On Friday, Dave Beckett described Bootstrapping RDF Applications with Redland, his RDF application framework. The next time I want to build something with an RDF angle, I'm going to try to use Redland. I've even considered porting JpegRDF to Python with Redland, just for the experience. Next, I checked out Christian Kravogel and Boris Hunter's presentation of DITA—Getting Started because I'm still trying to get my head around DITA. So far, I've concluded that they've got a notion of topics, which can be subclassed, and a framework for processing them that's based on using the (structured) value of the class attribute (rather than the element name) so that the “base” stylesheets “automatically” process the subclassed topics. And they've got this notion of building a document from a collection of topics with an external mapping file. I'm thinking I might pull together a set of stylesheets for building DocBook documents with an external mapping file. That might be useful in some contexts. I don't think there's anything you can do with DITA that you couldn't do with a DocBook customization, but they've got a different methodology so it'd be harder in some ways, just as I expect, there are some things that'd be harder in DITA. I'm an old Perl hack, there's more than one way to do it. Jeni gave her aforementioned excellent survey of, and call to action for, processing pipelines and then Liam Quin, Robin Berjon, and I participated in a Future of XML panel. Surprising discovery: there are a lot of people who don't even know XML 1.1 exists. “Lucky them,” I hear some of you thinking. Ya, well, let's just not go there again today, 'k? I regret that I missed the closing keynote. Sorry Jean. Can someone post a summary?

There was a bunch of activity on the exhibit floor, too. Justsystem are getting the XFY train into high gear. Antenna House showed off their new XSL FO features. Blast Radius were demonstrating their collaboration tools. And SyncRO Soft, the folks who make the oXygen XML editor were showing off their latest version (more about that later, it looks first class). And that's just the few that come to mind.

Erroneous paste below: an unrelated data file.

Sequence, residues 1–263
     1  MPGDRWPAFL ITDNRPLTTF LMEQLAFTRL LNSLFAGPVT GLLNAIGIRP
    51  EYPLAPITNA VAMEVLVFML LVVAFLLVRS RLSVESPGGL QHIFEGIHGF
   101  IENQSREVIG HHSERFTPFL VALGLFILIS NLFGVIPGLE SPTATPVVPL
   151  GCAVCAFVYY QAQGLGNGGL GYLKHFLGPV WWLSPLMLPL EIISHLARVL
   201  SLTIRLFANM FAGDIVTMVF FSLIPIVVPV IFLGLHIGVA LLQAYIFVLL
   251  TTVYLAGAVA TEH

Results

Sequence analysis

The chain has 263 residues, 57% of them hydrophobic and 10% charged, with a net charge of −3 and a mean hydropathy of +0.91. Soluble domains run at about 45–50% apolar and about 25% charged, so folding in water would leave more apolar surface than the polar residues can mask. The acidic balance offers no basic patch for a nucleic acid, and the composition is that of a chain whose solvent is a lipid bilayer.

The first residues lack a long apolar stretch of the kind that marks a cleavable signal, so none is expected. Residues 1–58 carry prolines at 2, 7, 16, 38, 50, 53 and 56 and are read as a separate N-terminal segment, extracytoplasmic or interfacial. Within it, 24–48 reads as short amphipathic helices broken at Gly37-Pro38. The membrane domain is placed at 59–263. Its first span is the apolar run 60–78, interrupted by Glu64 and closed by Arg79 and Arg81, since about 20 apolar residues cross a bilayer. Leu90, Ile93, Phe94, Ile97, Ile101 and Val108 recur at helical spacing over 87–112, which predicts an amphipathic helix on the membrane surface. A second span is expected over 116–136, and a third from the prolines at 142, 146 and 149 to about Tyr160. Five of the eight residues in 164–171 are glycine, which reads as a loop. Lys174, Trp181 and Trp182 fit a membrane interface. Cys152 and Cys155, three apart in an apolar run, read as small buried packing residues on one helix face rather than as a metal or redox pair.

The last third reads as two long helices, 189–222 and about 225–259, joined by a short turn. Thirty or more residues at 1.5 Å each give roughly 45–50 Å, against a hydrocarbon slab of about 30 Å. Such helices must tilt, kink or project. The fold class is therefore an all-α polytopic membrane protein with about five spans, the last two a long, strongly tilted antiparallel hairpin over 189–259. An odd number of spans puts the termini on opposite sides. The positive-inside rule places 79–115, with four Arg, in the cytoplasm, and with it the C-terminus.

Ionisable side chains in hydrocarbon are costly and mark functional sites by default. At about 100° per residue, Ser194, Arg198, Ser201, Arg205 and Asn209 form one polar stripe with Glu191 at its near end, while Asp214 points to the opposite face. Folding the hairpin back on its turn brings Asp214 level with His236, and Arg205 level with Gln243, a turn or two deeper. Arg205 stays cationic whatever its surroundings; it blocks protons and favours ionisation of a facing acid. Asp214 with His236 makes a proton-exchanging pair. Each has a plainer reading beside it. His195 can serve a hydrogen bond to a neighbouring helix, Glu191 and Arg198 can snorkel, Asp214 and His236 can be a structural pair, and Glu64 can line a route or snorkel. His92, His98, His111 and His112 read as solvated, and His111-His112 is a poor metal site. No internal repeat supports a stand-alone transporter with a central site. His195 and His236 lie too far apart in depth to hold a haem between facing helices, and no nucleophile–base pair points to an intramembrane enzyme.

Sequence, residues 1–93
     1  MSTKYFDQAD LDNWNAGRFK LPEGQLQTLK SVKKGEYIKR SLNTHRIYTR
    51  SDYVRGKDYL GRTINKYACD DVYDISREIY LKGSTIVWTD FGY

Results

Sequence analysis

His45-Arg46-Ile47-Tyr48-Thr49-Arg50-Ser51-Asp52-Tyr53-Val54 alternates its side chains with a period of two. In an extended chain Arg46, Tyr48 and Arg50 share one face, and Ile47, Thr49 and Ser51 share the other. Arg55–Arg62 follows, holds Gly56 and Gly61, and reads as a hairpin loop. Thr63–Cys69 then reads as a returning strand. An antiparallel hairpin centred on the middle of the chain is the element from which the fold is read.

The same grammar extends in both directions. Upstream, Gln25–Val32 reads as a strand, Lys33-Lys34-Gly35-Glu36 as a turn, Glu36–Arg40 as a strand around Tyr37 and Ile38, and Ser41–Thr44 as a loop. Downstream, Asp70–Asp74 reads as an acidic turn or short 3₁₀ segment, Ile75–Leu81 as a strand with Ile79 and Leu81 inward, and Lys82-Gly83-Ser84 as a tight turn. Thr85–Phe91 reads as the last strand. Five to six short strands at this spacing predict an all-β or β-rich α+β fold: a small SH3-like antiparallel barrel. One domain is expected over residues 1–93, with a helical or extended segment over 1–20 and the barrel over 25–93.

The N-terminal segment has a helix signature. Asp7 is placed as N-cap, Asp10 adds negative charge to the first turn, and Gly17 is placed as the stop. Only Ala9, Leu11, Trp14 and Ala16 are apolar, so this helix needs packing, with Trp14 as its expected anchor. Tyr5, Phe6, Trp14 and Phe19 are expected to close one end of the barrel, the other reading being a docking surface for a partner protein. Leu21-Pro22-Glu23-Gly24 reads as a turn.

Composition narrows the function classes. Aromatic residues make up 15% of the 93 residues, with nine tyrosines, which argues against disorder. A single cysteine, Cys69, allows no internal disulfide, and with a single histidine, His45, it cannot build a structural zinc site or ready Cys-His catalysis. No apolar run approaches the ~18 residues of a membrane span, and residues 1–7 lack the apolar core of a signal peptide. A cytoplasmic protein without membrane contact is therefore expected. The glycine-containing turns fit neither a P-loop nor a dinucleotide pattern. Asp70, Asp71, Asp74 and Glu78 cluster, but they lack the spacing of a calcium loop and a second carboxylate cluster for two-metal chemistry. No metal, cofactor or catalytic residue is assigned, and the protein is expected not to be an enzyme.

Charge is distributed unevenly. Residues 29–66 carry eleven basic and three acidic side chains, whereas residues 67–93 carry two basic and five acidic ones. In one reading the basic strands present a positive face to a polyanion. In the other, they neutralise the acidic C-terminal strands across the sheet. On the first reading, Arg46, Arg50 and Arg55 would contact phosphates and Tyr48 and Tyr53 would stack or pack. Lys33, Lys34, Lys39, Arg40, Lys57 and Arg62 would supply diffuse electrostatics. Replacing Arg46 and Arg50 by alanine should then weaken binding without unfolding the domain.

I'll say it again. Edd, Dan Brickley, Eric van der Vlist, Jeni, Matt Biddulph, and everyone else involved in setting up the conference: excellent job.

Comments

Norm Walsh succinctly encapsulated DITA's main concepts thusly:

**********

So far, I've concluded that they've got a notion of topics, which can be subclassed, and a framework for processing them that's based on using the (structured) value of the class attribute (rather than the element name) so that the "base" stylesheets "automatically" process the subclassed topics. And they've got this notion of building a document from a collection of topics with an external mapping file. I'm thinking I might pull together a set of stylesheets for building DocBook documents with an external mapping file. That might be useful in some contexts. I don't think there's anything you can do with DITA that you couldn't do with a DocBook customization, but they've got a different methodology so it'd be harder in some ways, just as I expect, there are some things that'd be harder in DITA.

**********

Thanks Norm. This is pretty much what I finally concluded, but only after I spending much too much time. I am reminded of some Eric Raymond statements on the bad baggage of unnecessary complexity that most commonly accompanies structured documentation frameworks. I suppose I could set out now with my red pencil and further pare down the above quoted block so that we end up with two sentences, maybe one.

Writing exposes thoughts, in all their glory, or in a new light in which we can more easily evaluate them and make corrections. I have urged Don Day to write a book detailing DITA, what it is, what it does, why someone would want to use DITA, how to use it, the details of its architecture, etc., etc.

I am still waiting for that book and hoping that Don Day takes responsibility for it. It is necessary.

—Posted by Steve Whitlatch on 22 Jul 2005 @ 07:57 UTC #